— Frederick Pollock
In paper, 'William Kingdon Clifford', The Fortnightly Review (1879), 31, 671. Published in advance of Leslie Stephen and Frederick Pollock (eds.), Clifford’s Lectures and Essays (1879), Vol. 1, Introduction, 9. The 'Introduction' was written by Pollock.
Science quotes on:  |  Account (192)  |  Acquired (78)  |  Alphabet (10)  |  Aptitude (19)  |  Arabic (3)  |  Being (1278)  |  Certain (550)  |  Challenge (85)  |  Chance (239)  |  William Kingdon Clifford (21)  |  Command (58)  |  Conquer (38)  |  Course (408)  |  Desire (204)  |  Divine (112)  |  Early (186)  |  Enough (341)  |  Find (999)  |  Follow (379)  |  Foreign (45)  |  Forgotten (53)  |  Former (137)  |  French (20)  |  General (511)  |  German (36)  |  Greek (107)  |  Hieroglyphic (6)  |  Interest (386)  |  Journal (30)  |  Knowledge (1536)  |  Language (293)  |  Lesson (57)  |  Life (1799)  |  Mathematicians and Anecdotes (141)  |  Mathematics (1333)  |  Mention (82)  |  Modern (385)  |  New (1217)  |  Opportunity (87)  |  Paper (183)  |  Power (747)  |  Practical (200)  |  Progress (468)  |  Purpose (317)  |  Read (288)  |  Reason (744)  |  Riddle (28)  |  Shorthand (5)  |  Special (184)  |  Spent (85)  |  Time (1877)  |  Tour (2)  |  Various (200)  |  Way (1216)

It is an open secret to the few who know it, but a mystery and stumbling block to the many, that Science and Poetry are own sisters; insomuch that in those branches of scientific inquiry which are most abstract, most formal, and most remote from the grasp of the ordinary sensible imagination, a higher power of imagination akin to the creative insight of the poet is most needed and most fruitful of lasting work.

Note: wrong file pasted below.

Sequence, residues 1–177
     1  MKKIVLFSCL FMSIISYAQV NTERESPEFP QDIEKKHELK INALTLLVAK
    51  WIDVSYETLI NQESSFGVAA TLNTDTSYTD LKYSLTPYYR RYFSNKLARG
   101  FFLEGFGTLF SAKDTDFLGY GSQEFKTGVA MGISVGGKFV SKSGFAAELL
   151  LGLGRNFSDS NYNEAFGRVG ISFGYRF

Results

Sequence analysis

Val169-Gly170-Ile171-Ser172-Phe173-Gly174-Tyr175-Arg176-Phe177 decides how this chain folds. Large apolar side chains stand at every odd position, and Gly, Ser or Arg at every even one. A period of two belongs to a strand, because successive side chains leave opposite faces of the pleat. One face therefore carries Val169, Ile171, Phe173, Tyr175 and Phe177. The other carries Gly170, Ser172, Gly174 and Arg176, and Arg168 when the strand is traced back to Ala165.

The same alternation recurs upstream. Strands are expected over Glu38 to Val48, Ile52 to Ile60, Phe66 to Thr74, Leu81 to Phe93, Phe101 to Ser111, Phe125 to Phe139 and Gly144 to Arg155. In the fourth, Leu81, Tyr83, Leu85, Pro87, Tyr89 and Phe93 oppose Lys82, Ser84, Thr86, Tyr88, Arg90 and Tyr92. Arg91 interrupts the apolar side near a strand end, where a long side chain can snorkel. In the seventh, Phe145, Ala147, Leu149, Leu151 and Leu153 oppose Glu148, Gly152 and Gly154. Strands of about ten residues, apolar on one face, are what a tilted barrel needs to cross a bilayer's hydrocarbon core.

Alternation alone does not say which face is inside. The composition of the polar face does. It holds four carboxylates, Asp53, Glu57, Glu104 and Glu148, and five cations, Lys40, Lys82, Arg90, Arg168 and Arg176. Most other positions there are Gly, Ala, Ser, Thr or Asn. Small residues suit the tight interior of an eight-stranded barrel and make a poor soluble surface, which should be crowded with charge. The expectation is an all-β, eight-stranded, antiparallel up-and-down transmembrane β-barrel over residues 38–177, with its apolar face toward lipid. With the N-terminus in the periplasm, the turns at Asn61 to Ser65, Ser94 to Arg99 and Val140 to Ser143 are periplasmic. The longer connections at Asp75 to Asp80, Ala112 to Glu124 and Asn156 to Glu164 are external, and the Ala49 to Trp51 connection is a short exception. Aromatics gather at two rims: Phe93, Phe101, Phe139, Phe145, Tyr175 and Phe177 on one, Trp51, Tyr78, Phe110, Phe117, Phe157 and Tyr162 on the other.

— Frederick Pollock
From Introduction written for William Kingdon Clifford, Clifford’s Lectures and Essays (1879), Vol. 1, 1.
Science quotes on:  |  Abstract (126)  |  Branch (150)  |  Creative (138)  |  Formal (34)  |  Fruitful (59)  |  Grasp (63)  |  Imagination (328)  |  Inquiry (79)  |  Insight (102)  |  Know (1519)  |  Mathematics As A Fine Art (23)  |  Most (1729)  |  Mystery (178)  |  Need (290)  |  Open (274)  |  Ordinary (160)  |  Poet (86)  |  Poetry (144)  |  Power (747)  |  Remote (83)  |  Science (3880)  |  Science And Poetry (14)  |  Scientific (940)  |  Secret (195)  |  Sensible (27)  |  Sister (8)  |  Stumbling Block (6)  |  Work (1351)

Much of his [Clifford’s] best work was actually spoken before it was written. He gave most of his public lectures with no visible preparation beyond very short notes, and the outline seemed to be filled in without effort or hesitation. Afterwards he would revise the lecture from a shorthand writer’s report, or sometimes write down from memory almost exactly what he had said. It fell out now and then, however, that neither of these things was done; in such cases there is now no record of the lecture at all.
— Frederick Pollock
In Leslie Stephen and Frederick Pollock (eds.), Lectures and Essays by William Kingdon Clifford(1879), Vol. 1, Introduction, 8.